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In 2013 I spent a month in southern Sardinia, Italy, learning how to make traditional sweets. Ciambelle is one of the first recipes I learned; they're easy, delicious, and last for a long time (if you can keep people from eating them).

Step 1: TOOLS & INGREDIENTS

INGREDIENTS (makes about 40 cookies)

  • 500g of Flour + some for dusting working surfaces and tools
  • 4 egg yolks
  • 200g Sugar
  • 200g Butter/Lard/Shortening
  • 16g Baking powder
  • 16g Vanilla flavor
  • Zest of 2 lemons
  • 175g of Peach or Cherry jam
  • ½ cup of Villacidro Liquor (substitute with Limoncello)
  • Icing sugar for dusting

    TOOLS
  • Scale
  • 3 cookie cutters.
    • Two of the cookie cutters need to be the same shape but different sizes. Traditionally the shape used is like a 6 petaled flower but for this instructable I used hearts. You can also use circles with different diameters.
    • The third cookie cutter doesn't have to be an actual cookie cutter but just needs to be something that can create a hole in the center of your smaller cookie. For this instructable I used the top to a tiny alcohol bottle.
  • Mixing Bowls
  • Mixing tool
  • Rolling pin (I often use a wine bottle if there is no pin around)
  • Oven
  • Baking tray(s)
  • Cooling racks

Step 2: DOUGH

  1. Zest your lemons.
  2. Combine your flour, eggs, butter/lard/shortening, vanilla flavor lemon zest and baking powder into a dough.
  3. Roll your dough into a sausage, wrap it with plastic wrap and stick it in the fridge for as little as 10 minutes and up to a day.

Step 3: MEANWHILE...

While your dough is resting you can take this opportunity to...

  1. Mix together the filling that will hold your little and big cookies together by incorporating your jam and liquor.
  2. You can also use this time to clean up the mess you've been making in your kitchen ;)

Step 4: ROLL & CUT

Now that you've waited some time for your cookie dough to rest...

  1. Remove your cookie dough from the fridge
  2. Take a quarter of your cookie dough and roll it 3-4mm thick.
  3. Use your cookie cutters to create big cookies and smaller ones with holes in them.
  4. Place your cut cookies on the baking tray.
  5. Roll and cut the next quarter of the cookies dough, placing the finished forms on the tray.
  6. Repeat this process until you have finished all of the dough.

* Note: it is very important that you end up with equal amounts of large and small cookie forms.

Step 5: BAKE

  1. Bake the cookie forms in the center rack of a preheated oven at 175°c/350°f, until they are slightly browned or golden brown on top.
  2. Move them from the baking tray to cooling racks.

Step 6: MATCH

Hopefully you have cut, rolled and baked an equal number of big cookie forms and little cookie forms.

Now in the time where you can match up the small and the big. Even though we're using cookie cutters to stamp out our cookie forms, they will not all be created equally so in order to make the best looking cookies possible, you should lay them out before hand to mach them up in their best pairs.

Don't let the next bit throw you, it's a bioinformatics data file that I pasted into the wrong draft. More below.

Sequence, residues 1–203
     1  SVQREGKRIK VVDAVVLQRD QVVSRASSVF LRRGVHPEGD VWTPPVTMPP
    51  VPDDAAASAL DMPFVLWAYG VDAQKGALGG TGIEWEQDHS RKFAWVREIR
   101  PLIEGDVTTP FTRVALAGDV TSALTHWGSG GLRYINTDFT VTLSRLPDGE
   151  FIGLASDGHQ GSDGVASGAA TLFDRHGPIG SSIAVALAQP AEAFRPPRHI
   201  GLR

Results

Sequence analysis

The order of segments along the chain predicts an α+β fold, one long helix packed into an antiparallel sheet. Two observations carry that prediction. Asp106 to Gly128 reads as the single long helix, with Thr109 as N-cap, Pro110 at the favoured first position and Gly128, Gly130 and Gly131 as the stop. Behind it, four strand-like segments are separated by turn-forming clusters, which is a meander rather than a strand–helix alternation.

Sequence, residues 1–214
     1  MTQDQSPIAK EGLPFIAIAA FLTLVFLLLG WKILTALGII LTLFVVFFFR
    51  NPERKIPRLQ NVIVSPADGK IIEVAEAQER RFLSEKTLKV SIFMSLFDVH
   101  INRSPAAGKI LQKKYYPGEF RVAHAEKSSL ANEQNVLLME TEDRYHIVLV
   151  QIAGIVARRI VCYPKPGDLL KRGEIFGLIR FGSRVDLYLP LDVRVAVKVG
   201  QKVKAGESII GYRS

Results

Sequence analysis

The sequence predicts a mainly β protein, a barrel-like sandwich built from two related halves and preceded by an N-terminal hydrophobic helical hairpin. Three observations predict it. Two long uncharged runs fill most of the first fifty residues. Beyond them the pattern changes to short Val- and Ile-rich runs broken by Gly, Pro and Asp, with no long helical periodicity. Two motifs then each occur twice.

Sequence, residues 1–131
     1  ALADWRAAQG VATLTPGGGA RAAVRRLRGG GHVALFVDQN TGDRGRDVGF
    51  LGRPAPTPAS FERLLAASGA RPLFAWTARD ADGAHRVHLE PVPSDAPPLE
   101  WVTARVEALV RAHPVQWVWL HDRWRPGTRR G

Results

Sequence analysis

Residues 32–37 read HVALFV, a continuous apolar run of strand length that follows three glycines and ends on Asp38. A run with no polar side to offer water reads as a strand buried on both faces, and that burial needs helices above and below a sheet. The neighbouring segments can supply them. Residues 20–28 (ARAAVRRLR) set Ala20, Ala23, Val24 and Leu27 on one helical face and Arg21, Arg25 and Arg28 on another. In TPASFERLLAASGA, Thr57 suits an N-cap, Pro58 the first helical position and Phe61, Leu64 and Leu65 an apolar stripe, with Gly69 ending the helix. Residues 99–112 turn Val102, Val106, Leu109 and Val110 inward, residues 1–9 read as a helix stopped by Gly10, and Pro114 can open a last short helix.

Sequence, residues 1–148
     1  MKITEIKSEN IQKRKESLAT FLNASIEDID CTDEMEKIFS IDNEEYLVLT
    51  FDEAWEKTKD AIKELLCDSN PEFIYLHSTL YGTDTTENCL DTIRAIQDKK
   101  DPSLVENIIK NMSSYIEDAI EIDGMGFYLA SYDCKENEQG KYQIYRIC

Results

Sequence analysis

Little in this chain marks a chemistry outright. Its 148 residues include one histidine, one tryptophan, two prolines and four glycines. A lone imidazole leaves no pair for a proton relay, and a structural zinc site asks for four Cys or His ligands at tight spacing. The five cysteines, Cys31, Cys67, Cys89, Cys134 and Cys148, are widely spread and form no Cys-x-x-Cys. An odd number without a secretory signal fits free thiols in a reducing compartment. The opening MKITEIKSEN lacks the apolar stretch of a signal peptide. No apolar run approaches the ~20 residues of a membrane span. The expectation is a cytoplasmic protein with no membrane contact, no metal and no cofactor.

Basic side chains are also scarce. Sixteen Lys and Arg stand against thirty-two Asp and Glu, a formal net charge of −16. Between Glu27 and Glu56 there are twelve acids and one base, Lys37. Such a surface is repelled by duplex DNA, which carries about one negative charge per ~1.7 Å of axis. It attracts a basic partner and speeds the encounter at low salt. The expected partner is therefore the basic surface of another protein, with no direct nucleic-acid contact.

Step 7: ASSEMBLE

  1. Remove the first of the little cookie forms from the big.
  2. Take a 1/2 tsp of the jam/liquor filling you mixed up earlier and drop it onto the center of the big cookie form.
  3. Place the little cookie form back in it's place so that the filling glues the two cookies together.
  4. Repeat until you have filled all of your cookies.

Step 8: DUST

Almost done...

The last step before you can eat your Ciambelle Sarde is you will have to dust them with confectioner's sugar. I like using a tea ball for this because it makes it easy to scoop up the confectioners sugar and then by hitting it against my hand it evenly distributes the sugar over the cookies.

...but you can use just your hand, or a sieve, or some cheese cloth...whatever works for you.

Step 9: ENJOY!!!

Now you have a pile of Ciambelle Sarde; a traditional cookie from a lovely island, with lovely people, sitting isolated in the center of the Mediterranean.

Enjoy them and if you want to see more traditional Sardinian recipes, you can see them at http://futurefantasmi.weebly.com/

If you have any questions, please leave a comment below and I will respond to the best of my abilities.

Oh, these cookies look delicious, I'm gonna try this recipe. I'm voting for this recipe in the contests and wish you all the best!
<p>Wow! Thanks so much! Please tell me how your experience was after you try to make them.</p>
I will let you know! The only ingredient that I'm not familiar with is the liquor, but I've found a recipe for homemade Limoncello. Hope I will find time to figure everything out :) But if I simply use rum instead of limoncello, will it change the result completely?
<p>It's not traditional but one time I substituted the Villacidro or Limoncello with a half and half mixture of Vodka and lemon juice...which of course has a very different taste on its own but I think when mixed with the preserves it's not so apparent.. ...but Limoncello can be quite a delicious aperitif so I suggest you try making it anyway.</p>
Thank you for your reply, Justin, I like this recipe, it's so new for me, therefore interesting and worth trying!

About This Instructable

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Bio: Justin Tyler Tate is an artist, designer, animator, teacher, jeweler and maker/hacker who produces with thoughts of culture, science and interactivity.
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